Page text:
Rio Tinto: More Cost-Cutting for Iron Ore Division
Commodity prices just aren’t what they used to be.
UK mining company Rio Tinto has announced more cost-cutting initiatives for its iron ore division, which will involve reduction of scheduled maintenance task times, renegotiation of service contracts, and changes to staff pay.
According to Australian Mining, an internal document was leaked showing Rio Tinto iron ore chief executive Andrew Harding delineating a series of cost cutting requirements, including an immediate hiring freeze, which he stated was imminent to maintain business success.
The leaked document also said that superintendents for site operations will be subject to quarterly reviews.
“These will cover safety, cost and productivity performance, as well as commitments for the forthcoming quarter,” Harding said. “I do not intend that any of these actions, and the extra efforts required on safety, will compromise our objective of continuing to be the best iron ore company in the world.”
The areas said to require urgent attention include:
• Cost-outs and capital reductions that are significantly below the existing plan;
• The renegotiation of significant service and supply contracts;
• Reflecting market conditions for employees and labor related costs;
• The extension of an immediate hiring freeze and review of organizational structures;
• Revamping of the way we schedule maintenance - by intervals and task times;
• A significant reduction in warehouse and stockpile inventories.
Gary Wood, CFMEU’s mining and energy secretary, said he did not expect Rio Tinto’s plan to have a major impact on workers.
"You sort of wonder what's behind this," Wood said.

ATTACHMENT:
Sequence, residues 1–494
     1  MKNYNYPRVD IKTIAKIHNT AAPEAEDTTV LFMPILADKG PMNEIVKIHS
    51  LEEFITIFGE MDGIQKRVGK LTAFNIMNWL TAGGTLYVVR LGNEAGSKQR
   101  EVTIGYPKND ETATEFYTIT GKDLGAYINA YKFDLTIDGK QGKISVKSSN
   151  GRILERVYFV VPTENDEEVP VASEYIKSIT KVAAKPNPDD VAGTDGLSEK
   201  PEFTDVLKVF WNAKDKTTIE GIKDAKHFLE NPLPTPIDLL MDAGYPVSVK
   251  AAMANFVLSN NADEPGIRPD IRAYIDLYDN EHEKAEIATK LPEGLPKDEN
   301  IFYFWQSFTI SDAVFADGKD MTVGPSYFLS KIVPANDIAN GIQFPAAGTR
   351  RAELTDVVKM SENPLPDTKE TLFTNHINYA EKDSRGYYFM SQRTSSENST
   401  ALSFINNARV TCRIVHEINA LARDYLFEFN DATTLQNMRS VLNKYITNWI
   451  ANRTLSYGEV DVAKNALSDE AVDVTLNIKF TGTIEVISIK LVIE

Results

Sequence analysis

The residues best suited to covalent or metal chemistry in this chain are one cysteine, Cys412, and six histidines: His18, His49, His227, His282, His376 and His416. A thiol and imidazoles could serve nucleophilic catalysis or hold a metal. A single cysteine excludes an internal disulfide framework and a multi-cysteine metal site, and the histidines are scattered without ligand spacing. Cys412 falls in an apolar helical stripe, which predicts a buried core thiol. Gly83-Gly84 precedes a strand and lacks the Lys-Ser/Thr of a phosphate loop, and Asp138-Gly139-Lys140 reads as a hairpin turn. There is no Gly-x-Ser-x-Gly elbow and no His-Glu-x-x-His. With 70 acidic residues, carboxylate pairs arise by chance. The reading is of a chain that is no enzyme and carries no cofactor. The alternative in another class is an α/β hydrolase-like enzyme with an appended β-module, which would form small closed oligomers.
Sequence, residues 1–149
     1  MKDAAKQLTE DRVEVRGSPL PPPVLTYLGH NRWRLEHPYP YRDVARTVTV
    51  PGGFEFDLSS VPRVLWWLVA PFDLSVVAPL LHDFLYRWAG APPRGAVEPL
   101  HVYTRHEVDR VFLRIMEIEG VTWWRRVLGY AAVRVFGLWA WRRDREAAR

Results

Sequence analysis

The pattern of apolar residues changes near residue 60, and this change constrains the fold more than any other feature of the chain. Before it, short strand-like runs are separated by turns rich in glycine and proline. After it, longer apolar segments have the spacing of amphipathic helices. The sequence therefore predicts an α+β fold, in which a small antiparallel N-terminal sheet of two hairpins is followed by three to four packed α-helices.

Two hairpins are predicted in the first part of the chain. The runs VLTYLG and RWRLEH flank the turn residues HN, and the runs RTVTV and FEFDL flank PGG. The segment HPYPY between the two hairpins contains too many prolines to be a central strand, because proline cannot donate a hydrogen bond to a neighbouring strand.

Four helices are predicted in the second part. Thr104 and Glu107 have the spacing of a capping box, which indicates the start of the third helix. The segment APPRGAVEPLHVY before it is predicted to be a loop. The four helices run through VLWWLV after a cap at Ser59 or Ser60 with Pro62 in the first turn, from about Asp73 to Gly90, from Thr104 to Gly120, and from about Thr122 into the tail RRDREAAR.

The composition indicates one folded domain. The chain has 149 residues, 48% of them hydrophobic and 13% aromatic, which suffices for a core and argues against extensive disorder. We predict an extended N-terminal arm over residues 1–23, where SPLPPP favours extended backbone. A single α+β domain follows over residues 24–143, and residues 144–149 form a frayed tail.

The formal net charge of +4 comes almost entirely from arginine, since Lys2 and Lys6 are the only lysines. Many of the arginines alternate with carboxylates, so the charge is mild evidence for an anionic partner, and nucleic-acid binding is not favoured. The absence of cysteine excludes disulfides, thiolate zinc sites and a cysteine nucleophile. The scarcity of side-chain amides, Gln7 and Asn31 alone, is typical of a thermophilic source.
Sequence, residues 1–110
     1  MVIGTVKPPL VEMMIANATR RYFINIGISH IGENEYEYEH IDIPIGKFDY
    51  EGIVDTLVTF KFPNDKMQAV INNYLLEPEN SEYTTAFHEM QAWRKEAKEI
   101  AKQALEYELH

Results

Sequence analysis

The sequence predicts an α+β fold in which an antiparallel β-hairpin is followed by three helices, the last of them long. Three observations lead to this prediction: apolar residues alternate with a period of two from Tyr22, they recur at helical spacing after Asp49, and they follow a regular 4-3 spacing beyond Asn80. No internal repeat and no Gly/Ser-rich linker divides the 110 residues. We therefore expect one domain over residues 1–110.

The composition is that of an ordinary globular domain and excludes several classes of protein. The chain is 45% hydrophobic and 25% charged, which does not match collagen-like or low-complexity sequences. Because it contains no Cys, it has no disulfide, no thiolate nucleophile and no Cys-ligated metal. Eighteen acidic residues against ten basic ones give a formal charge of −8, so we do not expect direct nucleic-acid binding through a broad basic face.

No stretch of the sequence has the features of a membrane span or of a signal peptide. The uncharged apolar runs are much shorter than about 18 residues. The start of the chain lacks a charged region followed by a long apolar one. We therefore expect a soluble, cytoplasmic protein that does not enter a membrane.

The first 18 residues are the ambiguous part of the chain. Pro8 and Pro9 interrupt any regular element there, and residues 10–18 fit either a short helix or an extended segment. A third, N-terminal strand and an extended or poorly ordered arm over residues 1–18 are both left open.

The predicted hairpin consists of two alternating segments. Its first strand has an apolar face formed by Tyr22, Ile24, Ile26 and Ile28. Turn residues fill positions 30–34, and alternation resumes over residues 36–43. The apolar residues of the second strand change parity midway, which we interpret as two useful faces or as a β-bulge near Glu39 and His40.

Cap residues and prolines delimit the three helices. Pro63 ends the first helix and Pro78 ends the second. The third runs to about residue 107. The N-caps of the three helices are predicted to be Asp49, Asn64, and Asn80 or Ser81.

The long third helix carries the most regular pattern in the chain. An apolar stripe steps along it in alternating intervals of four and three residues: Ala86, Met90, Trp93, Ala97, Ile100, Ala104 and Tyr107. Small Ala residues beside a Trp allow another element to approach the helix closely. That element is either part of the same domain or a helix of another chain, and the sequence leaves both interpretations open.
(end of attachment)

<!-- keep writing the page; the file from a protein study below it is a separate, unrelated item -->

"Our initial thought is it's shareholder driven, letting them know they're reacting to the market, but when you look into it, it's really just about cost cutting and being prudent in their management style."
He added, "If [Rio Tinto] wants to increase their tonnage from 290 million to 360 million tons [of iron ore shipped a year], they're going to need labor.”
Vale invests $150mn to extend life of Manitoba operations
Vale has announced a $150mn CAD investment to extend current mining activities in Thompson, Manitoba by 10 years while aggressive exploration drilling of known orebodies holds the promise of mining well past 2040.
Global energy transition is boosting the market for nickel
The Thompson Mine Expansion is a two-phase project. The announcement represents Phase 1 and includes critical infrastructure such as new ventilation raises and fans, increased backfill capacity and additional power distribution. The changes are forecast to improve current production by 30%.
“This is the largest single investment we have made in our Thompson operations in the past two decades,” said Mark Travers, Executive Vice-President for Base Metals with Vale. “It is significant news for our employees, for the Thompson community and for the Province of Manitoba.
“The global movement to electric vehicles, renewable energies and carbon reduction has shone a welcome spotlight on nickel – positioning the metal we mine as a key contributor to a greener future and boosting world demand. We are proud that Thompson can be part of that future and part of the low carbon solution.”
Vale continues drilling program at Manitoba
Coupled with today’s announcement, Vale is continuing an extensive drilling program to further define known orebodies and search for new mineralization.
“This $150mn investment is just one part of our ambitious Thompson turnaround story. It is an indicator of our confidence in a long future for the Thompson operations,” added Dino Otranto, Chief Operating Officer for Vale’s North Atlantic Base Metals operations.
“Active collaboration between our design team, technical services, USW Local 6166, and our entire Thompson workforce has delivered a safe, efficient and fit-for-purpose plan that will enable us to extract the Thompson nickel resources for many years to come.”
The Thompson orebody was first discovered in 1956 by Vale (then known as Inco) following the adoption of new exploration technology and the largest exploration program to-date in the company’s history. Mining of the Thompson orebody began in 1961.
“We see the lighting of a path forward to a sustainable and prosperous future for Vale Base Metals in Manitoba,” said Gary Annett, General Manager of Vale’s Manitoba Operations.